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United States Nuclear Weapons

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NEWS
January 30, 1992 | ROBERT C. TOTH, TIMES STAFF WRITER
The new U.S. and Russian arms initiatives represent a breathtaking acceleration of efforts to curb nuclear weapons but contain significant differences that will require hard bargaining despite the warming post-Cold War climate. Most important, Russian President Boris N. Yeltsin did not agree to the key condition in President Bush's initiative: eliminating multiple warheads from land-based missiles. He didn't even use the words, or their rough acronym, MIRV, in his speech.
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NEWS
January 30, 1992 | ROBERT C. TOTH, TIMES STAFF WRITER
The new U.S. and Russian arms initiatives represent a breathtaking acceleration of efforts to curb nuclear weapons but contain significant differences that will require hard bargaining despite the warming post-Cold War climate. Most important, Russian President Boris N. Yeltsin did not agree to the key condition in President Bush's initiative: eliminating multiple warheads from land-based missiles. He didn't even use the words, or their rough acronym, MIRV, in his speech.
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NEWS
June 2, 1988 | Associated Press
The third United States nuclear weapons test in less than three weeks rocked the Nevada desert today and registered distinctly on seismic equipment atop hotels and casinos here, 110 miles from ground zero. The test was conducted within hours of the close of the Moscow summit, where the Soviet Union and the United States formally agreed to monitor each other's tests this summer in joint verification experiments.
NEWS
March 18, 1988
China is selling Saudi Arabia intermediate-range missiles capable of reaching any part of the Middle East with a nuclear warhead, although both countries have assured the United States that nuclear weapons are not involved, the State Department said. The missiles are Chinese CSS2-class surface-to-surface missiles that in their most advanced form have a range of about 2,200 miles, sources said.
SPORTS
February 15, 1991 | From Times Wire Services
A rock station disc jockey who two weeks ago broadcast a fake report of a nuclear attack is out as the St. Louis Cardinals public address announcer. John Ulett said he was told he will not be retained for the 1991 season, ending an eight-year stint with the Cardinals. Ulett, who works for FM radio station KSHE, broadcast a fake report Jan. 29 that the United States was under nuclear attack.
NEWS
January 30, 1987
Physicist Yuri Orlov, recently allowed to emigrate from the Soviet Union, urged Americans to continue protesting the nuclear arms race, saying their voices are heard in the Kremlin. "The American left understands the Soviet system better than the right," Orlov, 62, said through an interpreter at a joint meeting of the American Physical Society and the American Assn. of Physics Teachers in San Francisco.
NEWS
August 30, 1999 | MARIA L. La GANGA and JOCELYN STEWART, TIMES STAFF WRITERS
This is a story about open secrets and closed mouths, about a man with a double life and the singular city that has sheltered him. Gordon Getty, an heir to the Getty Oil fortune and an international patron of the arts, has acknowledged that he has two families: wife Ann and four grown sons here, and three young daughters living quietly in the Los Angeles area with their mother, Cynthia Beck. Quietly, that is, until now.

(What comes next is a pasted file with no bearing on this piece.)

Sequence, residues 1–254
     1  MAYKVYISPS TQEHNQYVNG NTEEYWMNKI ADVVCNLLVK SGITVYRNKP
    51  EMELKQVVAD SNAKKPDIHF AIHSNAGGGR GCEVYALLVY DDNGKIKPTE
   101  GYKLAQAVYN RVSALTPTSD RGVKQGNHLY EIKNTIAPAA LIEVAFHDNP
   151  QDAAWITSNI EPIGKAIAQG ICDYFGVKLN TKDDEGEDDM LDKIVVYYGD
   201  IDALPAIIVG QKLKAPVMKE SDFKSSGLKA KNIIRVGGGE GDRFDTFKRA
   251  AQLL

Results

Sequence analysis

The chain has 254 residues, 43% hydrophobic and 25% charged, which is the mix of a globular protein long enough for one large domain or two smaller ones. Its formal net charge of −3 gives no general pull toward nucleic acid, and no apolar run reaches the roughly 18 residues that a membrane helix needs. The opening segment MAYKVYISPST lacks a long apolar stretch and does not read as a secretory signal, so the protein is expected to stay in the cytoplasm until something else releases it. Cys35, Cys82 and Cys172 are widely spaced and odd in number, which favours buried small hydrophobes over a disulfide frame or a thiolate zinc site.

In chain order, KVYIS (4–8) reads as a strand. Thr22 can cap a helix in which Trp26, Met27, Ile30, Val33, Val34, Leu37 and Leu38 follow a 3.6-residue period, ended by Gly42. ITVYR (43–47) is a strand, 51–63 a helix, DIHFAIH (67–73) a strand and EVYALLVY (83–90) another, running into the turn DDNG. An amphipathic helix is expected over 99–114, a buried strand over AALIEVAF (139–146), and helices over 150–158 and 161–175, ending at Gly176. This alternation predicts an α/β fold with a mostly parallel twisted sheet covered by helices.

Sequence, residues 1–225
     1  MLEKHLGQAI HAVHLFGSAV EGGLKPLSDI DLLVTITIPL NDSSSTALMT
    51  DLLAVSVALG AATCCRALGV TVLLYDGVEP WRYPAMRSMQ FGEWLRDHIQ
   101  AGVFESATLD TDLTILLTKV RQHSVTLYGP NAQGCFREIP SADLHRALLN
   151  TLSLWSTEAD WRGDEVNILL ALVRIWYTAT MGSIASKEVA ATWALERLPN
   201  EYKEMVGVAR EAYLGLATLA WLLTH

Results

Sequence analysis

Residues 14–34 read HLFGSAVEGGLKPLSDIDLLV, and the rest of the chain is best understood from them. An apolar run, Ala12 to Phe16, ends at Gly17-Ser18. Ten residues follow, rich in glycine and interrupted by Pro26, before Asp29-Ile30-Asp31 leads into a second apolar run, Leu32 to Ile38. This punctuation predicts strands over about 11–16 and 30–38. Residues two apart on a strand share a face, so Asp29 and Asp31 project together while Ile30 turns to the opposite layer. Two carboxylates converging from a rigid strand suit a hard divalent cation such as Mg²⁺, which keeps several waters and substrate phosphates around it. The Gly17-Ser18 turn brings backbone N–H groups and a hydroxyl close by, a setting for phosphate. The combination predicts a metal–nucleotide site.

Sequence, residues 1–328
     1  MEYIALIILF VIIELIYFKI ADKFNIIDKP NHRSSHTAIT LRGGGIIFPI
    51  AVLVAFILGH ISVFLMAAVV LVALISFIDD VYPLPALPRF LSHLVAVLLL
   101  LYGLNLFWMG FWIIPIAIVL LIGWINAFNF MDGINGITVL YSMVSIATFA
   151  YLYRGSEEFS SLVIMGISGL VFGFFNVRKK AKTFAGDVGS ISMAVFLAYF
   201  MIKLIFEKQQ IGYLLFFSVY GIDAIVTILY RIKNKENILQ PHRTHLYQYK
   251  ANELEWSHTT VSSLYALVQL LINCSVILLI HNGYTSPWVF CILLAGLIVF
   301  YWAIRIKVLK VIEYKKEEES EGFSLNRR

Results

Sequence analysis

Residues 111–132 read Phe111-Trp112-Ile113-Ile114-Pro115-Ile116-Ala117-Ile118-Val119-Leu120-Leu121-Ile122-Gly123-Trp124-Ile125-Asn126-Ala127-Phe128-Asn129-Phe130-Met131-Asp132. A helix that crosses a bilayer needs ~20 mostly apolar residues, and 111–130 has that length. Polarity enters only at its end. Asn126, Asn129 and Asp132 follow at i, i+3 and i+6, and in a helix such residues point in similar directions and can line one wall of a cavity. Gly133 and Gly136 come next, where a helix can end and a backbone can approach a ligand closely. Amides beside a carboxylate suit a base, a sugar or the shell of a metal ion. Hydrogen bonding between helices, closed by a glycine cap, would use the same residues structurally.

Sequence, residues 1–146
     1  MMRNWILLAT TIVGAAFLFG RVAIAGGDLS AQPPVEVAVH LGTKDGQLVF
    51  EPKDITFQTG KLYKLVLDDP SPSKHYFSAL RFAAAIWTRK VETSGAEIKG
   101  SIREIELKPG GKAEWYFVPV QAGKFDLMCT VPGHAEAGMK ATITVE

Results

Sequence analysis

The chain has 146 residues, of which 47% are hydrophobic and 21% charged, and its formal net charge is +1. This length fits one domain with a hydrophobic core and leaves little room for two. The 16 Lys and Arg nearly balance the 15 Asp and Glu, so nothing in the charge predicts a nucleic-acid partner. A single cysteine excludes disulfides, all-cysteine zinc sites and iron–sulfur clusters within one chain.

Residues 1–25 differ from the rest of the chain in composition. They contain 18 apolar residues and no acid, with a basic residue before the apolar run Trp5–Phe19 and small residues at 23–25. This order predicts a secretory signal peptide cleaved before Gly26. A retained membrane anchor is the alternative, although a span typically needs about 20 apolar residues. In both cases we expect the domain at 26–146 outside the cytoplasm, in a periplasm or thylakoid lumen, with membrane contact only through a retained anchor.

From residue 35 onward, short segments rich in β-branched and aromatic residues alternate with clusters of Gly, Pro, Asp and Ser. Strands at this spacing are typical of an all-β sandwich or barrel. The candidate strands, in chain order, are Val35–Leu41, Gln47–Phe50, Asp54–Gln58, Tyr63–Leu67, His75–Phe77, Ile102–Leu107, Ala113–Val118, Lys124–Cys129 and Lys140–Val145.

NEWS
September 5, 2000 | From Associated Press
The judge who tried to release fired nuclear scientist Wen Ho Lee from jail on $1-million bail said the government failed to present convincing arguments for keeping him behind bars until he is tried. Wen Ho Lee was to have been released Friday from the Santa Fe County jail, where he has been kept since December in solitary confinement. But an appeals court halted his release at the last minute while it considered an appeal from the government. U.S.
CALIFORNIA | LOCAL
December 21, 1993
It is reassuring that 51% of Americans feel so strongly about nuclear weapons that they would support the use of force against North Korea to eliminate them (Dec. 10). Your poll has left some obvious questions unasked, however. For instance, how many Americans would support the use of force by North Korea to rid the United States of nuclear weapons? Or, how many Americans find it odd that the world's largest holder and continuing producer of nuclear weapons is telling other people that they can't have them?
NEWS
January 23, 1987 | Associated Press
A political foe of Corazon Aquino today released the text of a wiretapped telephone call between the president and her advisers which he said showed the government tried to influence an independent constitution-drafting commission into taking a pro-U.S. stand. The paper also contained a tacit admission by Executive Secretary Joker Arroyo and Aquino that the United States maintains nuclear weapons in the Philippines.
OPINION
July 19, 2005 | Rajan Menon, Rajan Menon, professor of international relations at Lehigh University, is a fellow at the New American Foundation.
The bush foreign policy squad hasn't had much to cheer about lately. The Iraqi insurgency won't die. Iran is suspected of seeking nuclear weapons. North Korea already appears to have acquired a small stash. But as the president met with Indian Prime Minister Manmohan Singh on Monday, the White House could take heart from what's happening in South Asia. For starters, nuclear weapons have promoted peace in that volatile region, it turns out.
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